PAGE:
Monday, March 16, 2009

More on how the finance industry collectively ran off of a cliff

Conde Naste's Portfolio has a great article on a key factor that underlies the entire finance industry mess that has hobbled our economy. Turns out that in 2000 mathematician David Li came up with a formula for simplifying the process of determining the risk of a pool of assets. The banks, hedge funds, rating agencies, and other financial institutions all adopted his so-called "Gaussian copula function."

Turns out that doing so was a recipe for disaster, as the formula only produced useful information as long as certain key assumptions remained true.

Such as, you may ask?

Such as the idea that house prices will keep going up.

Some time ago, Li himself had this to say about his formula: "The most dangerous part is when people believe everything coming out of it."


It's a three page article, and rather than excerpt it I'll just link to it here. It's a good read and really helped me to understand the collective mindset that allowed so many otherwise smart people to totally screw us all. (UPDATE: the same article is in Wired but comes with a graphic showing the actual formula.)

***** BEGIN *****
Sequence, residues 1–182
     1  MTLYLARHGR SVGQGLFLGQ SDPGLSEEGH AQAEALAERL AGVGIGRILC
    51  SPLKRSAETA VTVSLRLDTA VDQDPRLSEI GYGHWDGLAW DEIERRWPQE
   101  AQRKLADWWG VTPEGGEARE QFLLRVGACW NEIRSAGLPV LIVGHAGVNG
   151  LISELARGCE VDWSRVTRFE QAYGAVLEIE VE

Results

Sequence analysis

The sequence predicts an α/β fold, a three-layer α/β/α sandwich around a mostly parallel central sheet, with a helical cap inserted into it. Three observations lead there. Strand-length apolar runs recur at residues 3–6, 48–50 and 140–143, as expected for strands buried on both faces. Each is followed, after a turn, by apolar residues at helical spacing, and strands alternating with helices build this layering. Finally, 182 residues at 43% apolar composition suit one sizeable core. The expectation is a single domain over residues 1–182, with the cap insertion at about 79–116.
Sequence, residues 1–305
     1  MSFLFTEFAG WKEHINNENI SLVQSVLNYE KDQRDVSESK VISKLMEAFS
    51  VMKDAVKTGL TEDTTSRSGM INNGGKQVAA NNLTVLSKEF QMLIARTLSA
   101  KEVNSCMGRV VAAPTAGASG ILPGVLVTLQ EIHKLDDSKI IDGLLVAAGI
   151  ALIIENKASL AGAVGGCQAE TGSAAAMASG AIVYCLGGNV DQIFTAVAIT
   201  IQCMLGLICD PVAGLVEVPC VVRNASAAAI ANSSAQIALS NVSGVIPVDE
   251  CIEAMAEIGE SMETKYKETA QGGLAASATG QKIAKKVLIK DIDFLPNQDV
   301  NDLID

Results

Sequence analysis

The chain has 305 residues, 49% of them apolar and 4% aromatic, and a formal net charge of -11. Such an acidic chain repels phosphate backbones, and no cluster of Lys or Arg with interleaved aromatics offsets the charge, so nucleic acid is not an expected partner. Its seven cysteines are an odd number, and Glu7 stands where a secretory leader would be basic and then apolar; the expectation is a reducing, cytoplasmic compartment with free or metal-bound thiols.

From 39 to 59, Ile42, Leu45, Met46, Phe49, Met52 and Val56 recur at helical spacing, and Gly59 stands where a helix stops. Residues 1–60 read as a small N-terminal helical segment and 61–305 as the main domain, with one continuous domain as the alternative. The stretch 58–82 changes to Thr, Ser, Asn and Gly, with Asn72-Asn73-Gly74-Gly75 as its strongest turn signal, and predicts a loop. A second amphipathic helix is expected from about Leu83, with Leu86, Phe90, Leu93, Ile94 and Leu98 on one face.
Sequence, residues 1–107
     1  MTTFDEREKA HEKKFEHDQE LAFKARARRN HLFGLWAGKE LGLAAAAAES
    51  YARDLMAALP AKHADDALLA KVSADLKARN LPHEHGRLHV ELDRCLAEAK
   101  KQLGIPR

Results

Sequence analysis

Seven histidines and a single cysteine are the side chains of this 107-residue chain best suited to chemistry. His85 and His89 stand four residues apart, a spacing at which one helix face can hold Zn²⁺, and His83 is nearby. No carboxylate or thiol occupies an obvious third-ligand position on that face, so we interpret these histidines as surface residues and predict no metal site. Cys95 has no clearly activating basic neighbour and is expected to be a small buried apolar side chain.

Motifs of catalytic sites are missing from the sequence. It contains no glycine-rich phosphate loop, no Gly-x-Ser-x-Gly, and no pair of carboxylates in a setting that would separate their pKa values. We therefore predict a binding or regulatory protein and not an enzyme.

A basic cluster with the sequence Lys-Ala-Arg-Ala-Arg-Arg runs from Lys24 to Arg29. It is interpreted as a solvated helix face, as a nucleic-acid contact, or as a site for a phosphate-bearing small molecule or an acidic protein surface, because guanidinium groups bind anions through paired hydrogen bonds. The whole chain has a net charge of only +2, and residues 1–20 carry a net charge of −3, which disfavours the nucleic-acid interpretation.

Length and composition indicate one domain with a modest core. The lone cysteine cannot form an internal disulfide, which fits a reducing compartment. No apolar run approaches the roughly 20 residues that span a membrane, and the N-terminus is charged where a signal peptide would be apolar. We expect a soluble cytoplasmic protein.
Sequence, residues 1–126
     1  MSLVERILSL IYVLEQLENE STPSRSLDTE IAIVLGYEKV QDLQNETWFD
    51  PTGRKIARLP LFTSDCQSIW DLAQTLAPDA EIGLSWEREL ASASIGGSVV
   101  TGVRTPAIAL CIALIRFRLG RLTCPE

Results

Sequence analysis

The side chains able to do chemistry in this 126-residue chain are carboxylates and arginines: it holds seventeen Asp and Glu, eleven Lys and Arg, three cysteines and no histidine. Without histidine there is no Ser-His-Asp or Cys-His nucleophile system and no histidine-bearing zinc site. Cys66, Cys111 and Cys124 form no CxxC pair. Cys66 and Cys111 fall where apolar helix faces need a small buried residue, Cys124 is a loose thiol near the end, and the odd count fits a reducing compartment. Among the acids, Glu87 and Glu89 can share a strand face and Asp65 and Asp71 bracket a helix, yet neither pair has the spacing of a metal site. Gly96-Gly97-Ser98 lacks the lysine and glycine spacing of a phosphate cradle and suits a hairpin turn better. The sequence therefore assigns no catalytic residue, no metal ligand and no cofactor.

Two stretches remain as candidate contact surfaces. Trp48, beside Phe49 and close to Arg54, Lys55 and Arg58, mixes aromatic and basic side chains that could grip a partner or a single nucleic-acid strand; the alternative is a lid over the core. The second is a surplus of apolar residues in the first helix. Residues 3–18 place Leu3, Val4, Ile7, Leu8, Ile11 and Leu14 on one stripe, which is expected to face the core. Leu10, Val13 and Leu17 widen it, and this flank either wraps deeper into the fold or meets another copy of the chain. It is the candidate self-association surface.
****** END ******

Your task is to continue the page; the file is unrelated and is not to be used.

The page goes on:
And one final thought: Li grew up in China but studied and worked in Canada (eventually for Barclays Capital, though I'm not sure where). He's now employed back in China.

I'm no Chinese xenophobe... but I have to admit to having "Manchurian candidate" thoughts. Hey, we're all capable of a little idle conspiracy theory spinning now and then, no? :-)

ALSO IN PORTFOLIO, an article on the housing mess makes this observation with respect to the comparative risk of investing in the stock and housing markets:

The house-price decline that we've seen to date feels particularly bad because so many Americans bought or refinanced their houses during the boom years, leaving a thin sliver of equity which has long since evaporated. If you put your life savings into buying a house, then a 20% price decline can wipe those savings out entirely; if you put your life savings into an S&P 500 index fund, then a 50% price decline still leaves you with half your money.

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